Terry Waite, a representative of the archbishop of Canterbury, arrived in Beirut today hoping to secure the freedom of American hostages through secret contacts with their captors.

Waite, 46, a lay aide to Archbishop Robert Runcie, successfully negotiated the release of four Britons detained in Libya last summer and three Anglican missionaries held in Iran in 1981. He is reported to have taken part in negotiations that led to the release of Presbyterian minister Benjamin Weir Sept. 14.

"I am here on humanitarian grounds. I am here because I want to see a resolution to a problem that has caused a lot of trouble to a lot of people for a long time," he told journalists as Shiite Amal militiamen escorted him from the airport.

Waite has described this as his most dangerous mission, but today he expressed optimism for the release of at least four Americans, kidnaped in Moslem-controlled West Beirut since last year. He told journalists that he has been in touch with the kidnapers of the Americans through an intermediary.

"I believe we have a sign of hope . . . . I am here today because I believe there is a reasonable chance of talking with the captors of the hostages," Waite said.

"I am optimistic, but I recognize the pathway is yet difficult and there is a long way to go," he said.

Four Americans kidnaped in Beirut appealed in an open letter to President Reagan Friday to take action and bring them home by Christmas. The hostages -- Terry Anderson, Beirut bureau chief of The Associated Press; the Rev. Lawrence Jenco, head of Catholic Relief Services; David Jacobsen, director of the American University Hospital of Beirut, and Thomas Sutherland, dean of the university's agriculture school -- also sent a confidential letter to Runcie asking him to intercede on their behalf. Two other Americans are still missing in Beirut: U.S. Embassy political officer William Buckley, who has been reported dead by his fellow hostages and his purported captors, and university librarian Peter Kilburn. There has been no word about Kilburn, who was reported missing Dec. 3, 1984.

Islamic Jihad, a secretive organization of Shiite Moslem fundamentalists with no traceable structure, has claimed responsibility for abducting the six Americans. The group is seeking the release of 17 Arabs imprisoned in Kuwait for a series of bombings in December 1983.

Comparing his present task to previous ones, Waite said before leaving London's Heathrow Airport: "The big difference from previous occasions is that one had an identifiable person or group or government to deal with, and this one is much more diffuse, much more difficult and probably much more dangerous."

Waite disclosed that he had been involved with the U.S. hostage crisis for a long time. Asked whether he will be acting on behalf of other western hostages, he replied: "I will be concerned about all the people who are kept hostage, but specifically I would be concerned about the American hostages because I have been involved with this problem for a long time."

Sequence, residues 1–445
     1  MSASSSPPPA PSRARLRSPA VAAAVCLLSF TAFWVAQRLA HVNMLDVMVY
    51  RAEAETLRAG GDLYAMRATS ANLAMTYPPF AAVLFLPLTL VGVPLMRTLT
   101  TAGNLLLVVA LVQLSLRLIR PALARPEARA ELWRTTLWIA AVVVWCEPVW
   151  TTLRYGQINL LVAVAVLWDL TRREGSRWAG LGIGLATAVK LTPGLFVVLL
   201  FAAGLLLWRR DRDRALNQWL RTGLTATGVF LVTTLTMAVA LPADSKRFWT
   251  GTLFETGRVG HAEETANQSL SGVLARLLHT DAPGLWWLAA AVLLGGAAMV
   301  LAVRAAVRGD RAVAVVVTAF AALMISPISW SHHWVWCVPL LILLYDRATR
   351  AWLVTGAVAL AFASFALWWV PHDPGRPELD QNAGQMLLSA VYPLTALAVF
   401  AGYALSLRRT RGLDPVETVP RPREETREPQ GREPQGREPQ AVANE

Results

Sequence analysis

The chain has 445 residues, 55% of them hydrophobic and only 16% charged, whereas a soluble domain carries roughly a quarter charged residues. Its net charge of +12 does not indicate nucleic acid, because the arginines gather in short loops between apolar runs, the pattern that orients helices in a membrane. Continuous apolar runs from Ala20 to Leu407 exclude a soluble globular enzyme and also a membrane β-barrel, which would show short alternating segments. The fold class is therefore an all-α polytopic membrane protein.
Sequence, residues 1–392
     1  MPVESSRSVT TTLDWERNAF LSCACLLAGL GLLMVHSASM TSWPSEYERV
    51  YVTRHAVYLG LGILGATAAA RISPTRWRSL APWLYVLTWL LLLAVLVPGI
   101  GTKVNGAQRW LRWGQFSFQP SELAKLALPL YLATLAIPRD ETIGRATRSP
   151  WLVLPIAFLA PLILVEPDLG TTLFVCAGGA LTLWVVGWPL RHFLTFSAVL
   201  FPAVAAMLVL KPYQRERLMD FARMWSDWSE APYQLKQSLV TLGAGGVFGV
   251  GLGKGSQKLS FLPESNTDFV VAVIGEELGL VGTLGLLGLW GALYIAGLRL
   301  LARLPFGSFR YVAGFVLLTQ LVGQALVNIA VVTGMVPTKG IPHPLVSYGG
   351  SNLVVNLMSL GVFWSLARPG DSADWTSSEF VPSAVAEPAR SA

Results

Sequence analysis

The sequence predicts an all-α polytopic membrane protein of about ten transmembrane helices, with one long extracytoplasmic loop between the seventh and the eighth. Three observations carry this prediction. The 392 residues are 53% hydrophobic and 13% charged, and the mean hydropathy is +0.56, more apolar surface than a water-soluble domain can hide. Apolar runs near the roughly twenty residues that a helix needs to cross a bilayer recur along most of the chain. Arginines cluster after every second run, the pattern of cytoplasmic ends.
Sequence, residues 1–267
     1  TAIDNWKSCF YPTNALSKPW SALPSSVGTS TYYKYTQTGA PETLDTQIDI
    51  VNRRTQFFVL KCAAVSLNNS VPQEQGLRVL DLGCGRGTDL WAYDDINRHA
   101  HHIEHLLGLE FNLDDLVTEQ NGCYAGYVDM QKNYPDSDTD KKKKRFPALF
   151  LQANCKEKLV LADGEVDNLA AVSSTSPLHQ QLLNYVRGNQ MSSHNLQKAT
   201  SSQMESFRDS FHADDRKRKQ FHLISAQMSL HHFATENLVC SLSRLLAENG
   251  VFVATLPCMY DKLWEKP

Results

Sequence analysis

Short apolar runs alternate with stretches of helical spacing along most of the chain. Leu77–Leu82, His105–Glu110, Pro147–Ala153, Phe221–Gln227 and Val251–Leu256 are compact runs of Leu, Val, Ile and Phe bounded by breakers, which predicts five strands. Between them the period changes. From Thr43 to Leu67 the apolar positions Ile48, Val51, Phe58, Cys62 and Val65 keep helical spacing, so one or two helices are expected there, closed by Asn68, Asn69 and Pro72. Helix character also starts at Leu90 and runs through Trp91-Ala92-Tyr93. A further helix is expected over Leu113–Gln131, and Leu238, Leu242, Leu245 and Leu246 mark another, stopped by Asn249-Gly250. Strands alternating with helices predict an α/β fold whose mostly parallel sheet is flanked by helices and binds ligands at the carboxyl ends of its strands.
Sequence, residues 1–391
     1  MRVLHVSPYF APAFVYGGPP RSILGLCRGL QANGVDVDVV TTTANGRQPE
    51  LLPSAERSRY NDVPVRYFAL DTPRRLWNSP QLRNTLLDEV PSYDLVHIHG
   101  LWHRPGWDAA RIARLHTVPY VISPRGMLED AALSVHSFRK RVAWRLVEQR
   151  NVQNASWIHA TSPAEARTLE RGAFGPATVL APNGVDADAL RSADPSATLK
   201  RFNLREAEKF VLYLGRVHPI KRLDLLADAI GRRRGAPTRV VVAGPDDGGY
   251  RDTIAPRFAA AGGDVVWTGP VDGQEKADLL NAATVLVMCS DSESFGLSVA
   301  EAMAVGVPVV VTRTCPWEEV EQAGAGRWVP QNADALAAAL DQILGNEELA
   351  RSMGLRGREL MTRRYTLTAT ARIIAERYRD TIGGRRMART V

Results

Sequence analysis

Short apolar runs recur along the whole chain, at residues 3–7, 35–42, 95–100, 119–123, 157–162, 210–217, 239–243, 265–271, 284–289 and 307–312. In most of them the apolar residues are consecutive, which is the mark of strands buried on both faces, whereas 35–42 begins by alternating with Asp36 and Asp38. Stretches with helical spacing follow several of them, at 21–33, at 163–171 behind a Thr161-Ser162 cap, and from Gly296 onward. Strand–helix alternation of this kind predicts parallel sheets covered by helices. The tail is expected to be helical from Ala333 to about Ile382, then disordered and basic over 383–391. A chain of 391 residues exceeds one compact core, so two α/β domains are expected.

Four Frenchmen, an Italian and a Briton also have been reported kidnaped in Lebanon.

Waite, who has held a series of traveling jobs for the church, has been the archbishop's international affairs adviser since 1980.

Tuesday, Runcie said that Waite was a "joint envoy" of his church and Pope John Paul II, but a Vatican spokesman said today that while the pope is aware of Waite's mission and hopes it will succeed, Waite is not a papal envoy, The Associated Press reported.

[In Washington, White House spokesman Larry Speakes said Wednesday that he did not know of any contact between Waite and U.S. officials, Washington Post staff writer David Hoffman reported. But Speakes said the United States "would support any effort that would result in progress freeing the Americans held hostage, of course."]

No details were available on Waite's planned movements during the next few days, but he urged reporters to give him some "breathing space."

He said that he would stay in Lebanon "as long as I have to." Asked if his negotiations may take him to Kuwait, he replied, "I have no plans to go anywhere else. I am going to stay here for the moment." Waite would not disclose with whom he is meeting in Beirut.

Amal leader Nabih Berri provided Waite with a car, an Amal militiaman said.

Waite pointed out that he was not linked to the American, British or any other government. He made a plea to the international press for discretion.

During the past weeks, various American and European television networks represented here have had offers by telephone to sell filming rights of the hostages, but the offers have been turned down. The offers were made repeatedly since the successful release of three Soviet kidnaping victims on Oct. 30. The bids started at $1 million and have dropped to $75,000.